As most of you know, water and energy are intimately connected. The most recent issue of National Geographic was dedicated to the world's water problems and future challenges. In the United States, the water issue is not just important in the Southwest, but also the Midwest, the upper Great Plains, the Great Lakes, and the Southeast. With the growing population requiring more electricity generation (and water for cooling) and municipal water supplies, as well as the new ethanol water demand and extended drought, the agricultural industry finds itself at the bottom of the water "food chain" ("water runs uphill to money"). Not only an inconvenient, but exacerbating, truth is that the climate change models are suggesting significant impacts on future U.S. water supplies, in amounts, locations, timing, and form.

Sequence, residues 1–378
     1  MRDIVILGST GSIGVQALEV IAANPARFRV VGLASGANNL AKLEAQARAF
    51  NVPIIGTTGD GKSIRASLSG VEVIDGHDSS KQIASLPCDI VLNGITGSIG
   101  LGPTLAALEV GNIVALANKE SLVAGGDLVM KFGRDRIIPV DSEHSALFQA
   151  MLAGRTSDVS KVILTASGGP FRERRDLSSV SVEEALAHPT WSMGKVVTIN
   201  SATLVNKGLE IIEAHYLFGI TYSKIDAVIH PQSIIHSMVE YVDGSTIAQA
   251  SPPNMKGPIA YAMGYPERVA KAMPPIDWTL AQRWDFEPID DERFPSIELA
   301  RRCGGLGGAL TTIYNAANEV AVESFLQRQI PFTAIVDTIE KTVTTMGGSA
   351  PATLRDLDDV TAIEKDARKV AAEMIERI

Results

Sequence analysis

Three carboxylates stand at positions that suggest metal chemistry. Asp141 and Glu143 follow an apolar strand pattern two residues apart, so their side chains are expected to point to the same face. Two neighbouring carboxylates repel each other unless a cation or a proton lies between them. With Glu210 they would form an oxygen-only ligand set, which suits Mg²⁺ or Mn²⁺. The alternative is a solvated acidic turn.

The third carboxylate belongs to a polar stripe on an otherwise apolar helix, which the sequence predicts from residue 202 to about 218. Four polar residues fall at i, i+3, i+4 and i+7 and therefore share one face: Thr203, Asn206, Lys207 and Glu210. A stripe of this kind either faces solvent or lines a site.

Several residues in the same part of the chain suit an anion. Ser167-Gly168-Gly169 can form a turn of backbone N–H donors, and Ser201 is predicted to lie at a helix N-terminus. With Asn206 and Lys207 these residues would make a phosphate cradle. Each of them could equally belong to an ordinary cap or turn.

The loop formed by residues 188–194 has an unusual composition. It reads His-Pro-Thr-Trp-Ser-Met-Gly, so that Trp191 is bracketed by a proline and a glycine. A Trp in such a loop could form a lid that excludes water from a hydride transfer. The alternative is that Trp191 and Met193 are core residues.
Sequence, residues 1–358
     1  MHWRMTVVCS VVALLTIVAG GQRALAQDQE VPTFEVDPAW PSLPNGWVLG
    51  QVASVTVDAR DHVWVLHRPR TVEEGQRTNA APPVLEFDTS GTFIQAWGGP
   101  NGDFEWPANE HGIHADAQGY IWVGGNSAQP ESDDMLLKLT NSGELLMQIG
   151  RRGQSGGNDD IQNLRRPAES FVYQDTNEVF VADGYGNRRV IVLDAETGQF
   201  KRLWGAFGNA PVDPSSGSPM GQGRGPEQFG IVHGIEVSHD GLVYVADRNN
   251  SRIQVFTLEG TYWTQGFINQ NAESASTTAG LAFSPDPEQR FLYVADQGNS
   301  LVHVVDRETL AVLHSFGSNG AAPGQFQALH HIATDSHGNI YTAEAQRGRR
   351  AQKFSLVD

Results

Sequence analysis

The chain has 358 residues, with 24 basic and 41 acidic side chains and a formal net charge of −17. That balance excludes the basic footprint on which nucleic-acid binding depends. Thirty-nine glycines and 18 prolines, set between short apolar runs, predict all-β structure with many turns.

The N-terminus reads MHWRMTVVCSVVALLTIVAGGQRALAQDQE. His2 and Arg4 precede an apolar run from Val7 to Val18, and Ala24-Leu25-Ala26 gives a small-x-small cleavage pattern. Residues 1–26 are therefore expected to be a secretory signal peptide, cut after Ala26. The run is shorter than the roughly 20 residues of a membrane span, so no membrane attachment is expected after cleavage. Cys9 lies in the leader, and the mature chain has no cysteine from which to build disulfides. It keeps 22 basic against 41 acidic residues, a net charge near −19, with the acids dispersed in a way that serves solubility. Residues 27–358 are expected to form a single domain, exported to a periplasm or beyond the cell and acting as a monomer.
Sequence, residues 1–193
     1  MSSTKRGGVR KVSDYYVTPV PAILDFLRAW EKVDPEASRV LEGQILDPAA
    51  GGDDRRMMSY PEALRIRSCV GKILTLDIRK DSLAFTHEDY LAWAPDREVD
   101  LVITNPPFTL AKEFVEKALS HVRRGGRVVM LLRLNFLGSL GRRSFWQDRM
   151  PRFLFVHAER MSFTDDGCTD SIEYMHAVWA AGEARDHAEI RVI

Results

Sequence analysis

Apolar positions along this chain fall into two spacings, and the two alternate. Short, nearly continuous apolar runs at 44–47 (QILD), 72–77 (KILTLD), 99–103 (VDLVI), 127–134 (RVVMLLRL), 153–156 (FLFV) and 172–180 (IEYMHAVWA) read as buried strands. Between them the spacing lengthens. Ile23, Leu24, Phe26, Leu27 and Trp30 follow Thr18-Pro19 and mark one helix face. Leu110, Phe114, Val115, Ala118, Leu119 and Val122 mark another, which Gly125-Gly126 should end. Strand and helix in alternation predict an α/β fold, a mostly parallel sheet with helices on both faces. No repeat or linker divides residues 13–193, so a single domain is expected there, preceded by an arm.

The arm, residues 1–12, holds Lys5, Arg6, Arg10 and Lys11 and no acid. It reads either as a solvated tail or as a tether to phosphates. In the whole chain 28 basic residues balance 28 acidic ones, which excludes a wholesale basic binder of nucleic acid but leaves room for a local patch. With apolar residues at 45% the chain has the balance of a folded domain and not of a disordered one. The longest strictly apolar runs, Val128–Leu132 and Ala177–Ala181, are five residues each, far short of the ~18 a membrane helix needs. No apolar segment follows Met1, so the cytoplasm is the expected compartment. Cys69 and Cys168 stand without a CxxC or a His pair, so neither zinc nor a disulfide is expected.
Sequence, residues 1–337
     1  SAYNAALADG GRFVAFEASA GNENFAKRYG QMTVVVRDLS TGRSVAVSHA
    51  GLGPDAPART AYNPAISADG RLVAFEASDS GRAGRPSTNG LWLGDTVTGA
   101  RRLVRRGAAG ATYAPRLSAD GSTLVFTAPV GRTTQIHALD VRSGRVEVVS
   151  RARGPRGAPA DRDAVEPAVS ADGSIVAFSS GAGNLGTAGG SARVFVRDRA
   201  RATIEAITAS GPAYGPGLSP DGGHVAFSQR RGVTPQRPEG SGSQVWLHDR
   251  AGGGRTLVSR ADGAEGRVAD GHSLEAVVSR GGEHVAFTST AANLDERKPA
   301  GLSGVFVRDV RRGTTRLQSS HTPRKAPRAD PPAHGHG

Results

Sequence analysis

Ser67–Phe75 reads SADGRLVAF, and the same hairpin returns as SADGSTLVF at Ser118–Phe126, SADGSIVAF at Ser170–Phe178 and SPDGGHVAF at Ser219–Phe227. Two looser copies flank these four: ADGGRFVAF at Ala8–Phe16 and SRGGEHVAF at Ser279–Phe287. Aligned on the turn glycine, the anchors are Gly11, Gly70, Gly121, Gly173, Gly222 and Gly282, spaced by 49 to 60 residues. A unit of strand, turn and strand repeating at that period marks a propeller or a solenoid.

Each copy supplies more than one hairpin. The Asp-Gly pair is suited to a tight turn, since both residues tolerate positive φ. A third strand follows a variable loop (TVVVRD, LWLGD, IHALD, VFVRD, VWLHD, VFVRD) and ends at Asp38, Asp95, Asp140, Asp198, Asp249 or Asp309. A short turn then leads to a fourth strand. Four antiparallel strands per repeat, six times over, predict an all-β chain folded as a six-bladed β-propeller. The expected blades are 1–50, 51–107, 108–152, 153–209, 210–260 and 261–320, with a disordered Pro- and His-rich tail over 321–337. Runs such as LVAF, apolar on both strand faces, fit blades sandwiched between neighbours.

During this Webcast, we looked at two recent related water analyses: water impacts of climate change (Brad Udall, director of the CU-NOAA Western Water Assessment Project) and the value of water (Stacey Tellinghausen, Western Resource Advocates).
This information was last updated on April 21, 2010